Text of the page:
(Talmidim Production TPCD10-806)
Brittni Paiva takes another significant step forward as a recording artist and record producer with her third album. Her productive affiliation with veteran studio producer Wendell Ching is evident in the judicious use of guest musicians -- Ching among them -- on a broad range of material. Four original instrumentals attest to her development as a composer. Successful interpretations of melodies by Cole Porter, Johann Pachelbel, Carlos Santana and Helen Lindsey Parker display her imagination as an arranger and musician.
Violinist Ryan Hiroaki Tsukamoto adds rich melodic textures as Paiva approaches Pachelbel's "Canon in D" as a duet between violin and ukulele. Paiva's reworking of Santana's early instrumental hit, "Samba Pa Ti," featuring Dan Del Negro on keyboards, is another good example of what she's capable of as she plays the guitar part with four strings instead of six.
Paiva acknowledges her cosmopolitan heritage with a haunting arrangement of "Kadosh" that she sings in Hawaiian, Portuguese, Danish and Japanese as well as in the original Hebrew.
My Back Pages: The Folk Years
Peter Apo & The Rainbow Nation Band
Peter Apo is remembered as the producer of "Hawaiian Nation: A Call for Hawaiian Sovereignty," an album of Hawaiian nationalist songs and spoken-word performances that he released while still prominent within the Democratic Party establishment. With this album, Apo goes back to the 1960s, when he was a member of the Travelers 3, that played folk hits and protest songs in clubs across the mainland. Although the group recorded several albums, the recordings here are of contemporary vintage -- Gordon Freitas, David Tucciarone, Pete Moe and Dave Toma are among members of the Rainbow Nation Band who back him here.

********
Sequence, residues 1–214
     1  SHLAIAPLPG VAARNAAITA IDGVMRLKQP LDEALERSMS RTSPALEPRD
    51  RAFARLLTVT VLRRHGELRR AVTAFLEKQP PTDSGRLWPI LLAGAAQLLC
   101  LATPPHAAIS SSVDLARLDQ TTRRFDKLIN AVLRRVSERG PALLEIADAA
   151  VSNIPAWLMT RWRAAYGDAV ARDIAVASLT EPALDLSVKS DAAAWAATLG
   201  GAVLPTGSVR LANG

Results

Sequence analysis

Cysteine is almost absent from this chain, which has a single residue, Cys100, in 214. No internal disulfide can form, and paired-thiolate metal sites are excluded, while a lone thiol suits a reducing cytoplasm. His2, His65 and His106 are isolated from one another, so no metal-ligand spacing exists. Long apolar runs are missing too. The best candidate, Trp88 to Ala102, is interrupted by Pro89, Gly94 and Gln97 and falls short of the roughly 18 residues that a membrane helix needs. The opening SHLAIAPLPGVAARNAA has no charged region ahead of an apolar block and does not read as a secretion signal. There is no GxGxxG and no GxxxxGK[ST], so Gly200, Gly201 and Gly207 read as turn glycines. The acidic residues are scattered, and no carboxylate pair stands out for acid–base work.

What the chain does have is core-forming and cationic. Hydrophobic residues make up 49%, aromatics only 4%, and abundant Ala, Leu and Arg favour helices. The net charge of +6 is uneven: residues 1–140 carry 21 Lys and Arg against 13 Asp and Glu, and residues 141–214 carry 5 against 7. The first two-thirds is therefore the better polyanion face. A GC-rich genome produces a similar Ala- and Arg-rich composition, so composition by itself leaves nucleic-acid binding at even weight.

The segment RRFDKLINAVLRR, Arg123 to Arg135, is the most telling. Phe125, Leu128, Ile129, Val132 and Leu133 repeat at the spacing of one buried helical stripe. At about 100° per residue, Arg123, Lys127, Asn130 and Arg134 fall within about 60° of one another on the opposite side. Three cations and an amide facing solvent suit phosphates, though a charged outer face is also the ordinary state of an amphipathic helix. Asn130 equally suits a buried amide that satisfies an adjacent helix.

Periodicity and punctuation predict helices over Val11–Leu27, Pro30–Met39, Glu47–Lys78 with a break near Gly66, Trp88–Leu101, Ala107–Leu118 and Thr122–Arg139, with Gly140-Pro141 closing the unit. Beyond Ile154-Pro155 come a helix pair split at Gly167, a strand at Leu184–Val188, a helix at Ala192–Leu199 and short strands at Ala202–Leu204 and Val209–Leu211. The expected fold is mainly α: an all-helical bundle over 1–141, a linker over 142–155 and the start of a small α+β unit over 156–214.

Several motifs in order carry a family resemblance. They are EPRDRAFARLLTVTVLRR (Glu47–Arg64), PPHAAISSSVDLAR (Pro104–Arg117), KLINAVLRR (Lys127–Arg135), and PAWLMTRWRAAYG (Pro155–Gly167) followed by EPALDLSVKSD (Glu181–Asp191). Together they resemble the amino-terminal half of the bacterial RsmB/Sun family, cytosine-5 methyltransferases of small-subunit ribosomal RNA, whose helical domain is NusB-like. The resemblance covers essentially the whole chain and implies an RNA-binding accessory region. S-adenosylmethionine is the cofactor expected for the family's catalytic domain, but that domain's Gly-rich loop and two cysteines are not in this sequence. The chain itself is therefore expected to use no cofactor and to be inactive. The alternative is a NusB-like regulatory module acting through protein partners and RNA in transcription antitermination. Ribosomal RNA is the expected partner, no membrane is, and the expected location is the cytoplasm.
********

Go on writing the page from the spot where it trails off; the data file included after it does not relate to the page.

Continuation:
Apo treats each selection with respect, and the arrangements are well thought out, but the album is likely to appeal almost exclusively to fans of his previous work -- his 1989 Hoku Award-winning "Apo & Beazley" album with Del Beazley, and subsequent solo projects. The original hit versions of most of the songs here are still well-known and available -- "Blowin' in the Wind," "Early Morning Rain" and "Elusive Butterfly" to name three -- and that means little likely interest in these earnest remakes.
He Touched Me: Pat Rocco Sings Songs For Gay Lovers
Love is an emotion not limited to people of a particular sexual orientation. With that in mind, Pat Rocco recorded and released this album as a companion to his "She Touched Me: Pat Rocco Sings Songs for Lovers." This one is equally ambitious, a self-produced collection of 35 romantic pop standards, but includes several that express the singer's love for a man.
Rocco opens with "Can't Help Lovin' That Man of Mine," and continues with such romantic pop classics as "The Second Time Around," "The Man That I Love" and "Happiness is a Thing Called Joe." Rocco also includes several of the gender-neutral songs from "She Touched Me," and in doing so makes the point that love is a universal emotion.
As with its heterosexual counterpart, the album art is primitive and the packaging lacks such basic components as composers' credits and publishers' affiliations, but Rocco and his musicians are better than the album cover suggests. Pop fans open to the "songs for gay lovers" concept may enjoy this one.
, who has covered the local entertainment scene since 1972, writes reviews of recordings produced by Hawaii artists. See the Star-Bulletin's Today section on Fridays for the latest reviews. Reach John Berger at firstname.lastname@example.org